New Book Explores, Explodes Stereotypes About Women In Mathematics

September 24, 1997

True or false: women and mathematics don1t mix. Mathematicians do their best work in their youth. Only white males do math. Mathematics is a realm of pure science and complete objectivity.

According to Claudia Henrion, author of WOMEN IN MATHEMATICS: The Addition of Difference, to be published by Indiana University Press on October 3, these statements are all false. Yet they have their effect. In the United States, 46% of the bachelor1s degrees in mathematics go to women. But women earn only about 24% of the math Ph.D.1s and make up less than 6% of the full-time faculty at doctoral-granting American institutions, where fewer than 3% of them have earned tenure.

Henrion probes the culture of mathematics and describes the dominant myths about who a mathematician is supposed to be and what mathematics is all about. She provides profiles of eleven diverse and prominent contemporary women in mathematics as convincing counterpoint to these myths. Henrion challenges underlying and often invisible assumptions of the discipline that can inadvertently discourage women from pursuing mathematics or can keep them on the margins even once they have entered the castle walls.

The women interviewed are not meant to be a list of the best and the brightest women mathematicians in the United States, says Henrion. Though certainly some of the top women mathematicians are included, the subjects were chosen to capture the diverse range of women who are prominent in mathematics. They represent a range of mathematical fields, ages, ethnic and racial backgrounds, geographical locations, and personal and professional situations. "There are many other engaging and successful women mathematicians whose stories are well worth hearing," Henrion asserts. "This book is simply one step toward addressing women1s invisibility so that there can be no doubt that women can, and do, do mathematics."

Among those profiled are:

Joan Birman, professor of mathematics at Barnard College and Columbia University. Married and the mother of three children, she returned to school and earned her Ph.D. at the age of 41. She has published more than 50 works in her research area of topology and knot theory, and lectures all over the world. Henrion points out that it is remarkable in mathematics to get an advanced degree so late and then to go on to become such a productive and successful mathematician. "Joan Birman exemplifies one way to integrate family with a research career; her life suggests some of the advantages and disadvantages of such a path. Like many in this book, she challenges the myth that 'mathematics is a young man's game.'"

Fan Chung is the most prolific researcher among Henrion1s subjects, with more than 170 articles on graph theory and discrete mathematics to her credit. She is the editor-in-chief of the Journal of Graph Theory, formerly a division manager at Bell Communications Research, and now a professor at the University of Pennsylvania. Fan was fortunate to have a community of women peers when she studied mathematics at Taiwan University. Most of these women, including Fan, came to the U.S. for graduate work, remained, and went on to become first-rate researchers. She discusses the importance of such a community for her mathematical development.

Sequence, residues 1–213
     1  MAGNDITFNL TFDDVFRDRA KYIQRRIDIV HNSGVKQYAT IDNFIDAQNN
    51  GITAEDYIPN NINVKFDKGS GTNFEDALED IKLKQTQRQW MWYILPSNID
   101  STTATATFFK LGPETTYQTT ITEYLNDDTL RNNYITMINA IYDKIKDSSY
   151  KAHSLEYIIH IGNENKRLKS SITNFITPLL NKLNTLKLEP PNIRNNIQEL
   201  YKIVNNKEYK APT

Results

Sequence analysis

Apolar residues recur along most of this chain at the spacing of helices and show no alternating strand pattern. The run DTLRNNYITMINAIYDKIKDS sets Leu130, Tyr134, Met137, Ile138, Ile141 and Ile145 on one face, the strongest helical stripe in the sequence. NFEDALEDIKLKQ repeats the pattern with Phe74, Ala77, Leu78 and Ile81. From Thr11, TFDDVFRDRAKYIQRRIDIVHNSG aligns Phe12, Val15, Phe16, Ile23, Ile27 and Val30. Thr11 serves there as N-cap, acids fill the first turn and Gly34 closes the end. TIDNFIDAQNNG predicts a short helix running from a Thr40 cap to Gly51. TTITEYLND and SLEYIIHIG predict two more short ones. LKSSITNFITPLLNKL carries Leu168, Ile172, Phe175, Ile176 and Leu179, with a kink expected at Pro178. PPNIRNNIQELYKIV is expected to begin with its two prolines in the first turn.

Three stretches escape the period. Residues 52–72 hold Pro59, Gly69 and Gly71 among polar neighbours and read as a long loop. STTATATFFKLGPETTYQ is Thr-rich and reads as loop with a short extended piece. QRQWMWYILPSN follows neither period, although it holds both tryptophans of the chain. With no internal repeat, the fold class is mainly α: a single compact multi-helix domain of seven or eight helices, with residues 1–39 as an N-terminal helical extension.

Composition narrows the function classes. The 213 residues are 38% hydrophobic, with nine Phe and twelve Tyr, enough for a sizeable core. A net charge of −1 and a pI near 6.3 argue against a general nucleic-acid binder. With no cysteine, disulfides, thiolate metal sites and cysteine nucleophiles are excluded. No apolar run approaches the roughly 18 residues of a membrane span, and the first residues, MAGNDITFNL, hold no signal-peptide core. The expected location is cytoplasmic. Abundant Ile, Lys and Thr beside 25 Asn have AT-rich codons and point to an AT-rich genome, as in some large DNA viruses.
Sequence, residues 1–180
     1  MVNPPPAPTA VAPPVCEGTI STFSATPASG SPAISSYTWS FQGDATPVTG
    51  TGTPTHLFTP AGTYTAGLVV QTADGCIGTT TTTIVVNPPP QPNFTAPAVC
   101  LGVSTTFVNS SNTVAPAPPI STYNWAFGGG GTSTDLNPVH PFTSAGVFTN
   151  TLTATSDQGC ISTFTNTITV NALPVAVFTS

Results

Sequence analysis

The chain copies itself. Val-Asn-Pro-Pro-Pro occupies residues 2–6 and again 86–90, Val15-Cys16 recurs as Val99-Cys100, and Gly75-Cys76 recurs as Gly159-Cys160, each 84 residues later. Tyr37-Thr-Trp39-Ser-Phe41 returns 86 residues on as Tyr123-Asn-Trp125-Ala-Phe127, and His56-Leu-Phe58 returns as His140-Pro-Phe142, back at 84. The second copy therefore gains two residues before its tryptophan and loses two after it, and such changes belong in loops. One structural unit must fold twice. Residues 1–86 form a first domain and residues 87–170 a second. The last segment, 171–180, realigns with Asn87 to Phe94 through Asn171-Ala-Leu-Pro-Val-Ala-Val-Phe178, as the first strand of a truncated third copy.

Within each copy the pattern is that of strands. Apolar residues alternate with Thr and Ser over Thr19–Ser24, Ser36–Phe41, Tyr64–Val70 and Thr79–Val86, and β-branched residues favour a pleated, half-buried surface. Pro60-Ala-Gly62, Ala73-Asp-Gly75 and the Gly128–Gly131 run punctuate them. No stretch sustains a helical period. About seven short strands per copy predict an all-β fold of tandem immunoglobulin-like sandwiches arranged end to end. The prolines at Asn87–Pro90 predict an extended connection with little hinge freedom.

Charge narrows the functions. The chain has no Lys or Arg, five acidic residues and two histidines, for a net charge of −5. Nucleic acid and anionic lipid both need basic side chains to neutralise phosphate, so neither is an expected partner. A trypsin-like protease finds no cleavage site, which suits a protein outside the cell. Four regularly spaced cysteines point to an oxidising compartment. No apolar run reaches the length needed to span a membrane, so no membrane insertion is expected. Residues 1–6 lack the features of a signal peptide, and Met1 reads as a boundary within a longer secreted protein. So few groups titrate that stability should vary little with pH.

Fern Hunt knew early on that she was interested in mathematics, but did not consider it a possibility for herself as a black woman. A high school science teacher encouraged her both practically, by telling her about programs and schools she should consider, and emotionally, by nurturing her confidence in herself as a talented and gifted young black woman. Formerly a professor of mathematics at Howard University, Fern is now a researcher at the National Institute for Standards in Technology.

Many mathematicians describe Karen Uhlenbeck as the best living woman research mathematician in the United States. A MacArthur Award winner and member of the National Academy of Sciences and the American Academy of Arts and Sciences, she has won numerous fellowships and has been a member of the Institute for Advanced Study at Princeton. A former vice-president of the American Mathematical Society, she now holds the Sid Richardson Foundation Regents1 Chair at the University of Texas. Despite these successes, Karen still thinks of herself in some ways as an outsider. Her story illustrates that talent alone does not eliminate the problems women encounter in the field of higher mathematics.

About the Author
CLAUDIA HENRION received her undergraduate degree from Stanford University. She completed a Ph.D. at Dartmouth College in mathematical logic and went on to teach mathematics at Middlebury College. She is currently visiting professor at Dartmouth College, where she teaches courses in mathematics, education, and women1s studies.

Author available for interview
(802) 785-2952; email: Claudia.A.Henrion@Dartmouth.EDU

Book Information:
WOMEN IN MATHEMATICS: The Addition of Difference
by Claudia Henrion
328 pages, 6-1/8 x 9-1/4 , 2 figs., notes, index
Cloth; ISBN: 0-253-33279-6; Price: $39.95
Paper; ISBN 0-253-21119-0; Price: $16.95
To be published October 3, 1997 by Indiana University Press
Available at bookstores or by calling 1-800-842-6796
Release date: September 24, 1997

Indiana University Press

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